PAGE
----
New children’s lit blogs

A couple, actually, one I just found out about today, and one that I found out about a while ago that I forgot to link way back when. And I still owe you guys a complete links list, but then, I owe myself one too. Instead, you get a couple new blogs and one that’s a little older but not by much.

I’ve created an LJ feed for both blogs.

Readathon is the creation of Mrs. K, a teacher who I met online at a feminist Mormon blog I like to read (speaking of yet another meme going around that I haven’t joined in on yet, the one about non-children’s lit blogs you read). It’s a great practical viewpoint, from someone who is in the classroom every day using children’s books to connect to middle schoolers (is it 6th graders? I’m afraid it’s slipped my mind).

She’s got a great series going on girls in literature you should know, along with just a lot of good booktalk. So you should check it out and welcome her to the childlit blogosphere. Here’s the feed:


Deliciously Clean Reads was recently started by

 , who I just “met” today on LJ but who happened to be in the same child and human development program with me at BYU, but graduated a couple years later. I’m sure we must have had a couple classes together at some point, because I was a transfer student and was taking intro classes at the same time I was taking upper level classes. But then, I graduated with 5000 other people in the colle
ge, so you never know. Large program.

At any rate,  the blog was begun as a positive review site for parents and others to discuss books that meet whimsy’s definition of a clean read, which she clearly delineates. Unlike a lot of sites out there telling people books to avoid, this site shows people books that the participating reviewers are excited about reading.

I like this not only on a personal level–I too like a good clean read as a rreader, though I make exceptions for particular content when it’s in service to the story–but I like it also on a professional level, because Mirrorstone dedicates itself to what you might call a PG-13 rating. We do this not out of focusing on what we exclude–we just like sharing really great stories, full of adventure.

Now, I think it’s still possible to address really tough issues in a “clean” read, even for a teen crowd. But opinions differ on how that can be done and whether it can be done. Certainly I think Feed couldn’t have been written in any other way, language and all. That was the whole point of the story, after all.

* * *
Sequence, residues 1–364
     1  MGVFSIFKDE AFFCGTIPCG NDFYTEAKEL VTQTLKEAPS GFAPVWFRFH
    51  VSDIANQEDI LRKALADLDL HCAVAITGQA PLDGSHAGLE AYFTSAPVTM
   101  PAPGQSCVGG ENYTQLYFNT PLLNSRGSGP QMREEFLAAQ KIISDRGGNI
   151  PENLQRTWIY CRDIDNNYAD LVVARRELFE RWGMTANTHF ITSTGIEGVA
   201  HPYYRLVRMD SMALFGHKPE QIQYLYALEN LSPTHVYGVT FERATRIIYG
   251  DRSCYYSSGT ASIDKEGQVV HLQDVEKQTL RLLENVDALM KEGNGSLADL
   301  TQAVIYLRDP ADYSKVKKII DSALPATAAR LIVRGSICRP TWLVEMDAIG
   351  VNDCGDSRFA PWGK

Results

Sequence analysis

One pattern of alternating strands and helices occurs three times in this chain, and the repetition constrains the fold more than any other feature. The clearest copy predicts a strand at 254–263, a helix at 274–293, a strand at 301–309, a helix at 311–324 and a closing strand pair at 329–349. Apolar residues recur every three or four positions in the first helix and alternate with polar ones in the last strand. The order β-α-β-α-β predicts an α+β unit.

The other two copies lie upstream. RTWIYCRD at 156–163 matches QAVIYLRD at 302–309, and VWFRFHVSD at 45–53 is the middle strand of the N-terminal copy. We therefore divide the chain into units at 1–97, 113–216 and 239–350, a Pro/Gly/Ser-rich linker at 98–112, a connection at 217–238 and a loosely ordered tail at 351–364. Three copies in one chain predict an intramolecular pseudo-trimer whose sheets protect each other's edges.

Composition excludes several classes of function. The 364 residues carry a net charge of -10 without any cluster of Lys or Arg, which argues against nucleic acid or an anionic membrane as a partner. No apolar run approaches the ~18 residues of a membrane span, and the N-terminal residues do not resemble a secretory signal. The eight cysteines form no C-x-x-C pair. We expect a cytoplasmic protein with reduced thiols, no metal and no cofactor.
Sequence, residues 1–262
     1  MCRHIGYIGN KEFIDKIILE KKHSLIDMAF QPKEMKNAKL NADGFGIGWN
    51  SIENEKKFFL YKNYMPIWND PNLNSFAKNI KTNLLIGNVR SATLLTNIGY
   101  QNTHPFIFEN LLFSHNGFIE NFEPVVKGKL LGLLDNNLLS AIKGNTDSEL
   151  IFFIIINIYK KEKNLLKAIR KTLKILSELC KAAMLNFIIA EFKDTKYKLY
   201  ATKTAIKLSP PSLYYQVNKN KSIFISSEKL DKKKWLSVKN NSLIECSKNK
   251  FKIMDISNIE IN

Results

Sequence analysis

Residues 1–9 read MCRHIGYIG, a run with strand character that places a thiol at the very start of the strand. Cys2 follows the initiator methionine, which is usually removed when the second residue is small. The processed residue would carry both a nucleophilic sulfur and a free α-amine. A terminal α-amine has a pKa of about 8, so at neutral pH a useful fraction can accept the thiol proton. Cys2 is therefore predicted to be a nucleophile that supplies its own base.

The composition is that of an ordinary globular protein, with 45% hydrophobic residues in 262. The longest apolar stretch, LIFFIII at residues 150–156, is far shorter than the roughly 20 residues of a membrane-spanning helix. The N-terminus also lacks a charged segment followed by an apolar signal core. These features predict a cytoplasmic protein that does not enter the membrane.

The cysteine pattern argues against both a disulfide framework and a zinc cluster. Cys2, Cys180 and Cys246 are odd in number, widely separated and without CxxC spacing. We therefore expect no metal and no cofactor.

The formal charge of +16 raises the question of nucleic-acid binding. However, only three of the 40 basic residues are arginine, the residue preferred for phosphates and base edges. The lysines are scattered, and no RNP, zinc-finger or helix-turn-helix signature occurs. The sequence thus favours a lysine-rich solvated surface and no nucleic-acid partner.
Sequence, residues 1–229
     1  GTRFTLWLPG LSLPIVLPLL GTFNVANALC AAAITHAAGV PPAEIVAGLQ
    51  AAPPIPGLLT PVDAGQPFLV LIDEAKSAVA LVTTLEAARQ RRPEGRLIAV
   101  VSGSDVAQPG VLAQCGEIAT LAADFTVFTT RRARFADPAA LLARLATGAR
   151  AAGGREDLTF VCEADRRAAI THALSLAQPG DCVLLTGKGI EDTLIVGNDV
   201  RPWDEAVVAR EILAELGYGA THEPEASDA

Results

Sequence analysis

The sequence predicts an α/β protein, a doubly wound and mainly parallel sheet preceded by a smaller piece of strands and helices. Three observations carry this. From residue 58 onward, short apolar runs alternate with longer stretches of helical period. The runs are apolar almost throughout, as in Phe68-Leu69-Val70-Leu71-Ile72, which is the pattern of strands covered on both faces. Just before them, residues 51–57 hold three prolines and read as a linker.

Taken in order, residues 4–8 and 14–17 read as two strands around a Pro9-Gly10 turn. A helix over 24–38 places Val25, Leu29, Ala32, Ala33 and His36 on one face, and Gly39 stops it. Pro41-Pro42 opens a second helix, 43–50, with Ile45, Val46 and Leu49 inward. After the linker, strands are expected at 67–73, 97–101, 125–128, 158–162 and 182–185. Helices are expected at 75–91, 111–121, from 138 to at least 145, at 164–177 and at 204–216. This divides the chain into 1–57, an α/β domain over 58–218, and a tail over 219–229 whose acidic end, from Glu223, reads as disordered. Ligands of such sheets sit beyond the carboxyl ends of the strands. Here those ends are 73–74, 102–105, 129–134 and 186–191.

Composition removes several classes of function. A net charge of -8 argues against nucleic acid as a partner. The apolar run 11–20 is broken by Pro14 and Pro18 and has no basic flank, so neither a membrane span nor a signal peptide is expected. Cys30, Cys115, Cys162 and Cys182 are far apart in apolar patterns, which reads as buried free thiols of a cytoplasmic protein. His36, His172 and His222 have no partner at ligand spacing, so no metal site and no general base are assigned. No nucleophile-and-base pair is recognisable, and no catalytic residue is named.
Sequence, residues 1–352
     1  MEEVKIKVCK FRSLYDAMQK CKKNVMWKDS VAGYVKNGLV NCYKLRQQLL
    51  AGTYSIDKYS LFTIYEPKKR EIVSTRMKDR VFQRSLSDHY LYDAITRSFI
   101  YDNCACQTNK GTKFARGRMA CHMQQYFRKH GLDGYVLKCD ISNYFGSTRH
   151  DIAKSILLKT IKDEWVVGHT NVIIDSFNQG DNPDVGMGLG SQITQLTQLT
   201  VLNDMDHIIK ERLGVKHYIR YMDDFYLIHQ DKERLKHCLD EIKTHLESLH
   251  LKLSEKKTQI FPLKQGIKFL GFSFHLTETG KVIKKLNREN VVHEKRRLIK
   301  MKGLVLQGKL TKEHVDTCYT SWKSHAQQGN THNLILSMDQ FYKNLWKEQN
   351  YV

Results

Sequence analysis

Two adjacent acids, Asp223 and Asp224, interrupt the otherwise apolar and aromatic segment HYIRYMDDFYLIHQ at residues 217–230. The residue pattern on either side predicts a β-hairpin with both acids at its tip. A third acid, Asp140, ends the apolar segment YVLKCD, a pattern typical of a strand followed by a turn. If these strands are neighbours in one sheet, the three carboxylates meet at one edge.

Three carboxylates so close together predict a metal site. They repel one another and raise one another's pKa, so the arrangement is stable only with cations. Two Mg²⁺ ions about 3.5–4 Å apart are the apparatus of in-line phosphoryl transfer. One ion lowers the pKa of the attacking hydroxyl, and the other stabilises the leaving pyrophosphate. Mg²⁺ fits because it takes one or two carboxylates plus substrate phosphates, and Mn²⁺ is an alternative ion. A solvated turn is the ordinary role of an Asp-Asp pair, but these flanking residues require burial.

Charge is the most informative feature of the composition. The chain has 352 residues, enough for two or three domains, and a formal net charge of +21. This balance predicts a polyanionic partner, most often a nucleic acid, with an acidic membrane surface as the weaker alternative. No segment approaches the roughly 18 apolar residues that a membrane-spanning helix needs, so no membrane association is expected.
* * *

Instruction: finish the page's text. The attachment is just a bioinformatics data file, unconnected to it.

I once had a conversation with a couple of YA authors who asked how we handle this issue, and I had to answer honestly: I think usually my position is possible, even with some of the darkest subjects, but sometimes it’s not, and you have to take those individual cases as they come. So I’m just speaking in generalities here. And I don’t think that Holly Black or M.T. Anderson are adding language gratuitously. (Tangentially, I agree with Liz–link below–who noted that perhaps “clean” isn’t the word we should be using for books that don’t contain sex, because it’s not so much that the other books are “dirty” per se, at least collectively. But it is an easily recognized terminology.) Complicated issue, that, which involves a lot more discussion than I have room for in this post. Speaking of feeds…


And speaking of further discussion, that’s exactly what they’re doing over at YA Authors Cafe today–having an open discussion of how readers feel about sexual content in YA books. I didn’t think there was an LJ feed for YA Authors Cafe, but I was pleasantly surprised to discover I was wrong:


(All of this particular discovery came about because I discovered A Chair, A Fireplace, and a Tea Cozy. Who also posted an answer on her own blog to the sex in YA issue. Her feed:

–that’s teacozy backward, by the way.)

That’s enough for one night. Lots of fodder for discussion and thought out there.